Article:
Carnival of Souls

UK readers may remember the excellent BBC film series, MOVIEDROME. Presented initially by ALEX COX (director of REPO MAN and SID & NANCY among others), during its run MOVIEDROME showcased more than 200 cult movies. The first few seasons in particular were a fundamental part of my weird film education, introducing me to gem after gem after gem. You have to remember that having just emerged from the era of the video nasty, genre film fans had been starved of decent viewing material. Week by week, MOVIEDROME introduced me and countless others to a whole host of incredible films. Don’t just take my word for it, here’s a full list of the movies that were shown between 1988 and 2000.

One film that’s always stuck with me from my first viewing on MOVIEDROME is CARNIVAL OF SOULS. I hadn’t heard of it until I saw it, and once I’d seen it, I couldn’t forget it. I recently re-watched it, hence my recommendation to you today.

After a traumatic accident, a woman becomes drawn to a mysterious abandoned carnival.

CARNIVAL OF SOULS has atmosphere by the bucketload. It’s a film made without any pretence or posturing – a simple, Twilight Zone-like story told in an equally simple manner. It’s the only feature made by director HERK HARVEY, whose day job was the production of educational films. In many ways I think it’s the simplicity and directness of the film that makes it work so well. It reminds me in many ways of GEORGE ROMERO’s original NIGHT OF THE LIVING DEAD, and it’s interesting that Romero had a similar filmmaking background.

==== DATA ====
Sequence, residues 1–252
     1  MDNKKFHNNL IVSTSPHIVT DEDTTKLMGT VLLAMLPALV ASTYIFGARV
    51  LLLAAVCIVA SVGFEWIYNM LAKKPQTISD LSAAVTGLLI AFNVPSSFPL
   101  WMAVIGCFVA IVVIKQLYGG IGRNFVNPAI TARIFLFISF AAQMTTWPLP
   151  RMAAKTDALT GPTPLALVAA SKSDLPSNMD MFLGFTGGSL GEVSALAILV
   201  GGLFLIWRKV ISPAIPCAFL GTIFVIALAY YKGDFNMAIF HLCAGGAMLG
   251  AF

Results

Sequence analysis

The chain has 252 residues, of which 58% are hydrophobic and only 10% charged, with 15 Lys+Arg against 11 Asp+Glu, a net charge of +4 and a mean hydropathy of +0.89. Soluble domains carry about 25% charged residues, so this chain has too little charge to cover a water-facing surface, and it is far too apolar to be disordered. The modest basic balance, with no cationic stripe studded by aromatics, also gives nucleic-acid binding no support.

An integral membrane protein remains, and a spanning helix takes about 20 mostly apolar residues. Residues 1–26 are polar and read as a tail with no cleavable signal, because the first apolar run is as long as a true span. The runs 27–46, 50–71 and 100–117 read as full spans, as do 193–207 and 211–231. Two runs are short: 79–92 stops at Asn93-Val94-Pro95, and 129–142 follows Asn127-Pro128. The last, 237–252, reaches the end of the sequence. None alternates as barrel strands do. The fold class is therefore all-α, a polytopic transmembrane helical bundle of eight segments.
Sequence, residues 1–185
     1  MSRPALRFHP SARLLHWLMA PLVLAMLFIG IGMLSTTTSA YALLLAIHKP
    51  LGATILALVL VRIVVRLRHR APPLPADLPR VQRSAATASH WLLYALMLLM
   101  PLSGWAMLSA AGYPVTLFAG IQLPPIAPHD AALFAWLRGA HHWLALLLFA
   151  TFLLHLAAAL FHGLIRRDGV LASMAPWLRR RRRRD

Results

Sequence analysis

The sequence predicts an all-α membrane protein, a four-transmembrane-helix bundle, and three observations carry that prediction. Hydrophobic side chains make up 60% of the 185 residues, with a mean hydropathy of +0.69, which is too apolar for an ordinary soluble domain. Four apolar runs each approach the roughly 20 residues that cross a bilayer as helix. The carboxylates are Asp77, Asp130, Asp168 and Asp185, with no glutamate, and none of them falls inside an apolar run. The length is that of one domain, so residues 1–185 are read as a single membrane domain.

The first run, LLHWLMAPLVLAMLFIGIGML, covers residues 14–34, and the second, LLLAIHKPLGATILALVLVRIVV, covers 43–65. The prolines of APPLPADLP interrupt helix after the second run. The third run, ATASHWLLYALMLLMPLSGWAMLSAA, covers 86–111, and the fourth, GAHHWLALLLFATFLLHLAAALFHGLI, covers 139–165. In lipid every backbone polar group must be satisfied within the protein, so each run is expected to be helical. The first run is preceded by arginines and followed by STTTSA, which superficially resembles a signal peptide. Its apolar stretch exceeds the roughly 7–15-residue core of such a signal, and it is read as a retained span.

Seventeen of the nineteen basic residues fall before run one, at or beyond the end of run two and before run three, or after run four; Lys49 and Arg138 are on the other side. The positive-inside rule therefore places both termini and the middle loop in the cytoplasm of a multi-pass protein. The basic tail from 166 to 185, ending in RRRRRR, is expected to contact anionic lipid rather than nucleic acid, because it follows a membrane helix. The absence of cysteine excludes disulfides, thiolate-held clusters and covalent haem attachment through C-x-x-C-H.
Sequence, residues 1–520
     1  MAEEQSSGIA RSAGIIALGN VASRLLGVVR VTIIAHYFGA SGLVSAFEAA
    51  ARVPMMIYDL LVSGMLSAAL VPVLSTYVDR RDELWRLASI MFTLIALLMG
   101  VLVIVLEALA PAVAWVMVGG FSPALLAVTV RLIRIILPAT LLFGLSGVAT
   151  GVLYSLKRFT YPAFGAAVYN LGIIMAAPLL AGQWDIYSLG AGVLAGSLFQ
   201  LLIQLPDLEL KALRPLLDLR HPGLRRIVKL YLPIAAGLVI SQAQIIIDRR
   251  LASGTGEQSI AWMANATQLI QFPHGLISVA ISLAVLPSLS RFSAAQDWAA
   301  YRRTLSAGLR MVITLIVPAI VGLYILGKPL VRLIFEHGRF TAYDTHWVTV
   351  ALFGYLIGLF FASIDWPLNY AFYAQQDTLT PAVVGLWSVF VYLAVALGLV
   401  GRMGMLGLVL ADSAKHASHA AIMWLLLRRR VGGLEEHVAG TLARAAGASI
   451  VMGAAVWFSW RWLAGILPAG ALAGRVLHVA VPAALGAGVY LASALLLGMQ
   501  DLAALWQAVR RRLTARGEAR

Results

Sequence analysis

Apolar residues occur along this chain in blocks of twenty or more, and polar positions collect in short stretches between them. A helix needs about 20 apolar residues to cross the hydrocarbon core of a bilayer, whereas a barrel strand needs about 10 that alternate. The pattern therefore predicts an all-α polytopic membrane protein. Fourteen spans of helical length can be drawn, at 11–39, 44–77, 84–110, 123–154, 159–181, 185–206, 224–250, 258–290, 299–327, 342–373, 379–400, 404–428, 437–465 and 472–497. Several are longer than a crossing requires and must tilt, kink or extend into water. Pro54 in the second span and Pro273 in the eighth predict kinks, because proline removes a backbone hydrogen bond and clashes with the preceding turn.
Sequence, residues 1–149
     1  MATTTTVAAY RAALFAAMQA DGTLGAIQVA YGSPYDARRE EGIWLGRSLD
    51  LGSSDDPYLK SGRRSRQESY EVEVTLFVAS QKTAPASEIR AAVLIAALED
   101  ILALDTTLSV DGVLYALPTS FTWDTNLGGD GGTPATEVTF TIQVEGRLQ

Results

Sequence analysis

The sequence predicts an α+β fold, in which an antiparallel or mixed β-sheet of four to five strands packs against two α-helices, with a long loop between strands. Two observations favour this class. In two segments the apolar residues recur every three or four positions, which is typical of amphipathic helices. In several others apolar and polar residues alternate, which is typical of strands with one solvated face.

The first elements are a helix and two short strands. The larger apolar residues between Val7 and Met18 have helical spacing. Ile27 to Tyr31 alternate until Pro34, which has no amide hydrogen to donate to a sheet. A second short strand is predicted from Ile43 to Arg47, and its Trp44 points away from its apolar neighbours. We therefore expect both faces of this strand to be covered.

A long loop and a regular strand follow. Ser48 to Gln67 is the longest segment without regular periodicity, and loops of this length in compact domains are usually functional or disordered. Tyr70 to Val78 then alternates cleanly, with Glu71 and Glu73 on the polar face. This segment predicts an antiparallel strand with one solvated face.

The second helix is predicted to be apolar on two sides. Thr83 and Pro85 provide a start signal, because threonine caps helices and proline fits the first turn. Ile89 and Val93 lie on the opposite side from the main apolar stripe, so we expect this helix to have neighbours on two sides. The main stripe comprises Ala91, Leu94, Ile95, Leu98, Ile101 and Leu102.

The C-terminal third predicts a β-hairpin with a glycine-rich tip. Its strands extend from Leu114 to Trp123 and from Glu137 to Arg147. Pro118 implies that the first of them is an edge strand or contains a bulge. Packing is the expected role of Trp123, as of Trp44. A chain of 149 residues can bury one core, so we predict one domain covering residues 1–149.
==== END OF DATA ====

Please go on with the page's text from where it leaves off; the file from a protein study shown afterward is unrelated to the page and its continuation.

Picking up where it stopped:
In the opening scene, Mary (played by CANDACE HILLIGOSS), is involved in a drag race accident. Her car ends up in a river, and she eventually staggers out of the water. She then leaves her home in Kansas to take up a position as church organist in Salt Lake City, and as she tries to settle in her new location, she’s plagued by a series of visions and experiences which leave her questioning her sanity. She’s drawn to an abandoned pavilion on the shore of the lake and is tormented by frequent nightmarish appearances of a pale-faced character referred to only as The Man (played by the director). People ignore her, she fades in and out of reality, and her confusion increases as the nightmares become more pervasive.

As usual in these posts, I’m deliberately not saying very much. It’s always best to go into films like this knowing as little as possible. Suffice to say, CARNIVAL OF SOULS is a real treat. It may not have the shock value today that it would have delivered on release in 1962, but there’s so much else to recommend it for. Of particular note is the use of sound (and silence) to convey Mary’s disorientation. The simplicity of having her making the only noise in an otherwise completely muted world works brilliantly.

It’s a testament to the impact of CARNIVAL OF SOULS that, despite being ‘lost’ for many years, following its re-release in the late eighties, it was recognised as an important and influential horror movie. I’ll take this over any M. NIGHT SHYAMALAN shitefest any day of the week. Like director Harvey, Candace Hilligoss didn’t make many other movies. You get the impression they’d said everything they needed to with this one film. If you’re interested, have a look at candacehilligoss.com where you’ll find some interesting interview clips (though watch out for the spoiler-filled LEONARD MALTIN review clip which will totally ruin the movie for you).

You can watch CARNIVAL OF SOULS in its entirety on YouTube and it’s well worth 82 minutes of your time. It’s a quaint, rough-edged, dated, yet hugely influential fever dream of a movie and I love it.

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